For review: NAND out of space patch.

John Watlington wad at
Tue Jul 22 14:08:27 EDT 2008

On Jul 22, 2008, at 2:23 PM, Jim Gettys wrote:

> Ah, I like this idea better than the previous I've heard; if we can
> uninstall software or cleanup the journal with human intervention,  
> that
> would be good....  I'm nervous about automatic cleanup schemes....
>                        - Jim

Agreed.   Emiliano was already aware of cjb's patch via devel.
I haven't recommended it to Uruguay, but I did make sure that Fiorella
knew of it as one possible solution for her consideration.


> On Tue, 2008-07-22 at 13:20 -0400, Erik Garrison wrote:
>> On Tue, Jul 22, 2008 at 12:53:37PM -0300, John Watlington wrote:
>>> On Jul 22, 2008, at 12:06 PM, Chris Ball wrote:
>>>> Hi,
>>>>> Can you walk me through the exact steps that the user would
>>>>> experience if this script was installed?
>>>> They wouldn't see anything different, but Journal entries
>>>> corresponding
>>>> to files we chose to delete wouldn't resume properly.
>>>>> In terms of which files, I think the oldest (or maybe LRU as they
>>>>> say in caches) would be better than the largest. Can we do that
>>>>> (e.g. delete oldest then iterate until x MBs is free)?
>>>> I disagree; I don't think we're filling up with small Write or  
>>>> Paint
>>>> documents, my intuition is that we're filling up with recent large
>>>> downloads and movies.  In the case where the problem is a huge
>>>> download
>>>> the user just made, your scheme results in deleting *everything*.
>>>> Since we disagree, maybe best to wait until we have some disk-full
>>>> images back from the field so that we can see what used up all the
>>>> space, before deciding the algorithm.
>>> I'm getting three images right now.
>>> One of the machines booted, but wouldn't allow any activities to  
>>> launch
>>> (which since you can't log in on vttys kinda locks down the  
>>> machine).
>>> But I did notice a large number of non-standard activities (e.g.  
>>> Doom).
>> This sounds familiar.  I think several teachers from Uruguay have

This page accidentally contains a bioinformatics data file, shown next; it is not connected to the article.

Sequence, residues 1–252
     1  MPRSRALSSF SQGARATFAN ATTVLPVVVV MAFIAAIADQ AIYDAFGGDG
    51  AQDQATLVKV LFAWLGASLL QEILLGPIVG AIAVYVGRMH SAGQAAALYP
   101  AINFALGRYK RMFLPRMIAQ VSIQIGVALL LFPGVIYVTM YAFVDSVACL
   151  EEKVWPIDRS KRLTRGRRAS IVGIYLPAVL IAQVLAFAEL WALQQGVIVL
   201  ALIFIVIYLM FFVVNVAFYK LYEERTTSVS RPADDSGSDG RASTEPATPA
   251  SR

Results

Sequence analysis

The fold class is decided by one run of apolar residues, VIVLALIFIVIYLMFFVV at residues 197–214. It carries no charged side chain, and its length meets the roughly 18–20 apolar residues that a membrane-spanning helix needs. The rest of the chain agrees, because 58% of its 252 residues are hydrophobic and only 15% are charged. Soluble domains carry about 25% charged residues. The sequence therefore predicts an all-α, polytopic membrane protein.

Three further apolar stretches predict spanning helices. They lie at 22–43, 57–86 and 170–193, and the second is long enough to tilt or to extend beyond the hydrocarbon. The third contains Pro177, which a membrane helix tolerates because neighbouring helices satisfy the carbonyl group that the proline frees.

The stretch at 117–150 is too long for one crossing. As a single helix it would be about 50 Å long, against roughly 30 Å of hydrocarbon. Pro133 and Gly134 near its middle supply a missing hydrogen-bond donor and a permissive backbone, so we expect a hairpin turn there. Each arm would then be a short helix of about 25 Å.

>> mentioned on the Sur list that their students love to download  
>> software
>> and have filled up their storage space.  I'll try to find the  
>> reference.
>> I have also heard the same from a contractor in Uruguay who has been
>> involved in distribution (via #olpc-ayuda).
>> Today I am going to test a solution in which we union-mount a  
>> tmpfs over
>> top of a full root filesystem (which is effectively read-only).  This
>> should allow us to boot, but obviously any changes made to the tmpfs
>> during the session will be lost.  Provided we can boot in this  
>> scheme,
>> we should immediately open a dialogue which asks the user to select
>> Activities to delete.
>> I think that such a 'recovery-mode' is ultimately the best we're  
>> going
>> to do to help resolve this issue.  We must provide students a way to
>> manage their systems, and to do so even in a NAND-full state, or the
>> solution to NAND-full will continue to be centralized and costly.   
>> If it
>> is not something that we ship immediately to help resolve the  
>> issue in
>> Uruguay, the current situation demonstrates that it is a worthwhile
>> target for future releasese.
>> Erik
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>> Devel at
> -- 
> Jim Gettys <jg at>
> One Laptop Per Child

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